Fuel Cells - Use of Gold in Fuel Cells by World Gold Council

Uses of Gold in Fuel Cell Systems

Fuel cells are already accepted as reliable power sources for space and military applications and are being developed for a wide spectrum of applications, including vehicles. Although widely demonstrated and technically proven, their cost needs to be reduced to make them truly competitive in mass markets. Carbon supported gold alloy catalysts are being investigated as replacements for expensive platinum within the fuel cell stack, while other gold catalysts have a role in producing pure hydrogen from fuels such as natural gas, propane or biogas.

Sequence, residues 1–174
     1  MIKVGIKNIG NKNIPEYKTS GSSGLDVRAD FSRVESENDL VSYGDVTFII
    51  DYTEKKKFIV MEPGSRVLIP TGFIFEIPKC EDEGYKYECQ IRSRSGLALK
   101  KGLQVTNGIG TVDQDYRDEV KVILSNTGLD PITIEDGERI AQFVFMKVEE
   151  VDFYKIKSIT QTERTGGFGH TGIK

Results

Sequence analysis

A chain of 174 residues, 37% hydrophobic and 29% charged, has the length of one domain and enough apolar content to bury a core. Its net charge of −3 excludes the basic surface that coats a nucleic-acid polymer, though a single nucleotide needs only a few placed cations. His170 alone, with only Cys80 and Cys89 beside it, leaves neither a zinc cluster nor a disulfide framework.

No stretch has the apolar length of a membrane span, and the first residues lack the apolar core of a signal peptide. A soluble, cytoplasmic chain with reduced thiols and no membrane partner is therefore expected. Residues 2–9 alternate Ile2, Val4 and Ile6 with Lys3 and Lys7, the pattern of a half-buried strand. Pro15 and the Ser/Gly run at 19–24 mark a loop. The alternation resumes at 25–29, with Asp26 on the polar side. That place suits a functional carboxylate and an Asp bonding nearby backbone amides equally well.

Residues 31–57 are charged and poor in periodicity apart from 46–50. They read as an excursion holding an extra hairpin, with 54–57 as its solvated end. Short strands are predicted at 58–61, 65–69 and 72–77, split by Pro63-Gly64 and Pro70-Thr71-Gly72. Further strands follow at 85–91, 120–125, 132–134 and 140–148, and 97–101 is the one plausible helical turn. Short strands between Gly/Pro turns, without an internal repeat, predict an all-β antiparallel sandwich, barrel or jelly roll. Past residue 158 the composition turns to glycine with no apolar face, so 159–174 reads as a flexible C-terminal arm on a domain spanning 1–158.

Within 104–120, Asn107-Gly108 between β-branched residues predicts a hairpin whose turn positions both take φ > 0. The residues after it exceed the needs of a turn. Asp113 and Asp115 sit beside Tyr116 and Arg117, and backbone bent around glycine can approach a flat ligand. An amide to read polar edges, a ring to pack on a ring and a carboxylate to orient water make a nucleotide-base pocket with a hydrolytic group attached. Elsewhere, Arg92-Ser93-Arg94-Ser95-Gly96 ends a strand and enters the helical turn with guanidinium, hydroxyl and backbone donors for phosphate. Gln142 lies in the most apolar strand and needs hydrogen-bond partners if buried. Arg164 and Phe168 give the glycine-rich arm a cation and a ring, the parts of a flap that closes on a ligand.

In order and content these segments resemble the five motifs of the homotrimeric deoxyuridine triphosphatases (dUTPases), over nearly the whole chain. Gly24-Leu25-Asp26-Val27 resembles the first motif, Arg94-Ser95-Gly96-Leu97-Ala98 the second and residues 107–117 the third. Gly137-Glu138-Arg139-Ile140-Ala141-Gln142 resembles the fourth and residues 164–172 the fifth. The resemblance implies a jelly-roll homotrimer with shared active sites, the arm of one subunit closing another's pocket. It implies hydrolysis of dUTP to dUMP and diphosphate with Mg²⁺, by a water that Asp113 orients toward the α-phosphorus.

Fuel cells continuously convert chemical energy to electrical energy. The majority combine hydrogen with atmospheric oxygen, their operation being the converse of the electrolysis of water. This electrochemical process avoids the limitations of the Carnot heat cycle, and fuel cell systems can utilize a wide range of fuels much more efficiently than conventional generators, as well as being quiet and pollution free. Many fuel cells includes a series of bipolar plates typically made of a conductive material like stainless steel. To achieve good corrosion resistance and reduce contact resistance between the plate and diffusion media in the cell a thin layer of conductive gold can be used.

Gold in Fuel Cell Catalysis